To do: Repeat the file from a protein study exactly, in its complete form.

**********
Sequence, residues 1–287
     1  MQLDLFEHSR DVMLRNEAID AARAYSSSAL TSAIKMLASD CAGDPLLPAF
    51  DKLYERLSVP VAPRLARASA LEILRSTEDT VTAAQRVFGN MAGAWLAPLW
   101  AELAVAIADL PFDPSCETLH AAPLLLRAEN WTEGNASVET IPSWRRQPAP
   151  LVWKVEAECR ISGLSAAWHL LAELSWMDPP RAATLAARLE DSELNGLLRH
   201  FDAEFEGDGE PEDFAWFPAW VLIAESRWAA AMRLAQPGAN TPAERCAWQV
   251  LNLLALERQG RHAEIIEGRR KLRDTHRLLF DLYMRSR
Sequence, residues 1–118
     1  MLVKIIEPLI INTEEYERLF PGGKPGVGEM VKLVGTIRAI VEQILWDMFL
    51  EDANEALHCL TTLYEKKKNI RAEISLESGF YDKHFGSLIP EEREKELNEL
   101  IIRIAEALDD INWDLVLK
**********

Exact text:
Sequence, residues 1–287
     1  MQLDLFEHSR DVMLRNEAID AARAYSSSAL TSAIKMLASD CAGDPLLPAF
    51  DKLYERLSVP VAPRLARASA LEILRSTEDT VTAAQRVFGN MAGAWLAPLW
   101  AELAVAIADL PFDPSCETLH AAPLLLRAEN WTEGNASVET IPSWRRQPAP
   151  LVWKVEAECR ISGLSAAWHL LAELSWMDPP RAATLAARLE DSELNGLLRH
   201  FDAEFEGDGE PEDFAWFPAW VLIAESRWAA AMRLAQPGAN TPAERCAWQV
   251  LNLLALERQG RHAEIIEGRR KLRDTHRLLF DLYMRSR
Sequence, residues 1–118
     1  MLVKIIEPLI INTEEYERLF PGGKPGVGEM VKLVGTIRAI VEQILWDMFL
    51  EDANEALHCL TTLYEKKKNI RAEISLESGF YDKHFGSLIP EEREKELNEL
   101  IIRIAEALDD INWDLVLK